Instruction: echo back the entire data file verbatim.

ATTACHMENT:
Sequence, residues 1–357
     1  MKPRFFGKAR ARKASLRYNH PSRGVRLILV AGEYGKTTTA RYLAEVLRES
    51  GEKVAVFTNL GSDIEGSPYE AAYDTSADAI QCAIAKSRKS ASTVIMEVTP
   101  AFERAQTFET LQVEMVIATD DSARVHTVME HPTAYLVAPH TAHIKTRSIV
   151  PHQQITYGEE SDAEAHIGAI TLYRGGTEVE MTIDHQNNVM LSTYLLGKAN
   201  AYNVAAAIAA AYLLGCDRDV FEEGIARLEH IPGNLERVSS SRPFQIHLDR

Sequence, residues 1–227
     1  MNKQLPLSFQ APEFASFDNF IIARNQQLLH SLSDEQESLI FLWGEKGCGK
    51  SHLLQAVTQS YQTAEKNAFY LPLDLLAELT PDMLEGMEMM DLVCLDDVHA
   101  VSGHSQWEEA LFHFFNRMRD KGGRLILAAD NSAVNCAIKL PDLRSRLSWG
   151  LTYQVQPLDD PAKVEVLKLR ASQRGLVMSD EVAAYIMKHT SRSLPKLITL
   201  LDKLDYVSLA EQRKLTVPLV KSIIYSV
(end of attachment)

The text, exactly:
Sequence, residues 1–357
     1  MKPRFFGKAR ARKASLRYNH PSRGVRLILV AGEYGKTTTA RYLAEVLRES
    51  GEKVAVFTNL GSDIEGSPYE AAYDTSADAI QCAIAKSRKS ASTVIMEVTP
   101  AFERAQTFET LQVEMVIATD DSARVHTVME HPTAYLVAPH TAHIKTRSIV
   151  PHQQITYGEE SDAEAHIGAI TLYRGGTEVE MTIDHQNNVM LSTYLLGKAN
   201  AYNVAAAIAA AYLLGCDRDV FEEGIARLEH IPGNLERVSS SRPFQIHLDR

Sequence, residues 1–227
     1  MNKQLPLSFQ APEFASFDNF IIARNQQLLH SLSDEQESLI FLWGEKGCGK
    51  SHLLQAVTQS YQTAEKNAFY LPLDLLAELT PDMLEGMEMM DLVCLDDVHA
   101  VSGHSQWEEA LFHFFNRMRD KGGRLILAAD NSAVNCAIKL PDLRSRLSWG
   151  LTYQVQPLDD PAKVEVLKLR ASQRGLVMSD EVAAYIMKHT SRSLPKLITL
   201  LDKLDYVSLA EQRKLTVPLV KSIIYSV